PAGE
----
Jahed Ahmed

Formatting Nginx Access Logs as JSON

While Nginx and Apache's log format has become pretty standard in the industry, it'd be nice if I could use the same tools for processing them as all my other logs, which are in JSON.

Luckily, Nginx has support for it using the escape=json parameter.

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log_format  main  escape=json
'{'
'"time_iso8601":"$time_iso8601",'
'"remote_addr":"$remote_addr",'
'"server_protocol":"$server_protocol",'
'"status": "$status",'
'"body_bytes_sent":"$body_bytes_sent",'
'"request_time":"$request_time",'
'"request_method":"$request_method",'
'"request_uri":"$request_uri",'
'"request_filename":"$request_filename",'
'"http_referrer":"$http_referer",'
'"http_user_agent":"$http_user_agent",'
'"http_x_forwarded_for":"$http_x_forwarded_for",'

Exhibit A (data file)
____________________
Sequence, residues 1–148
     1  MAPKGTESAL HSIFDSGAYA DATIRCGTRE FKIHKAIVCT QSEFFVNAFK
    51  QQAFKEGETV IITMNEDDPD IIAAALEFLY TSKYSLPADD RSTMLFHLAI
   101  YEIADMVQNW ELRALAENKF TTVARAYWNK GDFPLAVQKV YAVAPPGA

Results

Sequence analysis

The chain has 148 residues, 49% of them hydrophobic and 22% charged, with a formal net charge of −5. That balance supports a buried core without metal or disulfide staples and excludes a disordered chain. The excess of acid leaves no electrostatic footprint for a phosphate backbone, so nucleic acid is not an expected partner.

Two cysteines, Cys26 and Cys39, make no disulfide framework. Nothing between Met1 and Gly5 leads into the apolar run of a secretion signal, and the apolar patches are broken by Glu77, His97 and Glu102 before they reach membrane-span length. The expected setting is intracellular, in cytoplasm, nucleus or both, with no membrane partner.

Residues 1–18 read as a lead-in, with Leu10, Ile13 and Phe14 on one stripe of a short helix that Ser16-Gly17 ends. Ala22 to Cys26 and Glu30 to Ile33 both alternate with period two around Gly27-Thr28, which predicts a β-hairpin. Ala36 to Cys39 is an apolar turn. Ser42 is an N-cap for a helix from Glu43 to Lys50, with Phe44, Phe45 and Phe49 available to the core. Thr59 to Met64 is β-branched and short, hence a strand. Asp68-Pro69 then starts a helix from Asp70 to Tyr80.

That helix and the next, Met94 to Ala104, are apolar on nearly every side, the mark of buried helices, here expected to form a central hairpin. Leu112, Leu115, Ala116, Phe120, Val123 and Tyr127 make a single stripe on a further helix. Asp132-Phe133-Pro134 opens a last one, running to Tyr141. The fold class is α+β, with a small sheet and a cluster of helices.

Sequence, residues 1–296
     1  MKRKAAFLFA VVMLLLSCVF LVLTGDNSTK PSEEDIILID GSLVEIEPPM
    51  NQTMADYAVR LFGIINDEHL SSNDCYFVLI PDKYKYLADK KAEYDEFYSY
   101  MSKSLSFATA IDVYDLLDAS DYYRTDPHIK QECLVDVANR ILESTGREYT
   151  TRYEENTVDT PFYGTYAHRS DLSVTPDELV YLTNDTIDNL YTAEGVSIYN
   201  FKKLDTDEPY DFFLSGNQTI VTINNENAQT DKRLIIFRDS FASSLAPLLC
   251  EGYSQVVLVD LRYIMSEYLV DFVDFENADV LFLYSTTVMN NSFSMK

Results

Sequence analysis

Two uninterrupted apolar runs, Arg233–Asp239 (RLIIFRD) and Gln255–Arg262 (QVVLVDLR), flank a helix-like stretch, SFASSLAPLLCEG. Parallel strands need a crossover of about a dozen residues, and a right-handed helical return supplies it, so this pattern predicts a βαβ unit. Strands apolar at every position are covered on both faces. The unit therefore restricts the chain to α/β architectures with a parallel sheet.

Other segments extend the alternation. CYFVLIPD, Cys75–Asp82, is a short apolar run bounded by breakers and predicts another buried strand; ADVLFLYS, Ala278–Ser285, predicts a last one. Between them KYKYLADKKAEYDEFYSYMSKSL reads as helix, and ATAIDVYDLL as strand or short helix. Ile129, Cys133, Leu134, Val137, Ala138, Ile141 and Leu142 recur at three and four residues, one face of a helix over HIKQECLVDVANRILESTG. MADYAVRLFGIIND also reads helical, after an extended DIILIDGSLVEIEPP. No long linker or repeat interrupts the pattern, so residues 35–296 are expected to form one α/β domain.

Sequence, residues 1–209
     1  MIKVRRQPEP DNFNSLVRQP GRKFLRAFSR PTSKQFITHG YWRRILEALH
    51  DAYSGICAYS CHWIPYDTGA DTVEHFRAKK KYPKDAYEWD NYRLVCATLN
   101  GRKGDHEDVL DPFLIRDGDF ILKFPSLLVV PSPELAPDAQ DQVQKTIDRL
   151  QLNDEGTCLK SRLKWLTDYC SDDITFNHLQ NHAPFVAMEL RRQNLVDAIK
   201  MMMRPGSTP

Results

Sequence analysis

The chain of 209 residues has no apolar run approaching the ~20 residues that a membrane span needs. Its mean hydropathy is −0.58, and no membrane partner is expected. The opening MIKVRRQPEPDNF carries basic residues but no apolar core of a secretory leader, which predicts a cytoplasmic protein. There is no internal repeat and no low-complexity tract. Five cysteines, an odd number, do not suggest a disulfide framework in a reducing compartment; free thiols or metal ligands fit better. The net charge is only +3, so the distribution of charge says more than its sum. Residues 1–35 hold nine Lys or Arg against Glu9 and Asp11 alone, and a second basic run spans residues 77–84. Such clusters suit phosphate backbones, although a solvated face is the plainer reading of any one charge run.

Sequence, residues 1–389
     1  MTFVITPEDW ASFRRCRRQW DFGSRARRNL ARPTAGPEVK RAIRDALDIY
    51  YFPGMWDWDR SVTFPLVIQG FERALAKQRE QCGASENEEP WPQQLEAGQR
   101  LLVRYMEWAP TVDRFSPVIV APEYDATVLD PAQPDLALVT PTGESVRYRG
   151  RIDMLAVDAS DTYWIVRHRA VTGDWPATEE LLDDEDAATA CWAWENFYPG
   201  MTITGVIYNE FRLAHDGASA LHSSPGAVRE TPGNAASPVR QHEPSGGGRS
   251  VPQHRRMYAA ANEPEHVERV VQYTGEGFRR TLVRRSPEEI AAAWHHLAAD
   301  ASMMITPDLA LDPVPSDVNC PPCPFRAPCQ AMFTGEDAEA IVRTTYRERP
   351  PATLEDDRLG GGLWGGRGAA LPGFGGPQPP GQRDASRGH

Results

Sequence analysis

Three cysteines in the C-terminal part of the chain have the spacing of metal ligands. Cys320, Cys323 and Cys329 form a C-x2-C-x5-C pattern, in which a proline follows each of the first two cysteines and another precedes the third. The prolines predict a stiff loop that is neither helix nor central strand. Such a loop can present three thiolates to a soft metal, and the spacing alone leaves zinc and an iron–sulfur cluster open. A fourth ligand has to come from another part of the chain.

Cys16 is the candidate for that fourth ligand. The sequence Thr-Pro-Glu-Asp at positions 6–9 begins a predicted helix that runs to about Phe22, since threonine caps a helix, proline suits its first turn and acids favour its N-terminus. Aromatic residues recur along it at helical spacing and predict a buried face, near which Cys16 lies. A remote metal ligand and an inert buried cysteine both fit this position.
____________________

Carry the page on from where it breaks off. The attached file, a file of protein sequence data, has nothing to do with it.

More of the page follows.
'"host":"$host"'
'}';

The most obvious downside to this approach is that there are no null values. Every key will always exist with a string value, and empty values are typically denoted with a "-". So when processing, you'll need to make sure to exclude them.

Also, escape=json only escapes characters for use in JSON strings (for example, / becomes \/). The actual JSON formatting is done manually. So, when you're modifying the log_format to add or remove keys, make sure it's still outputting valid JSON. Specifically ensure commas (,) and speech marks (") are in the right place.

Thanks for reading.

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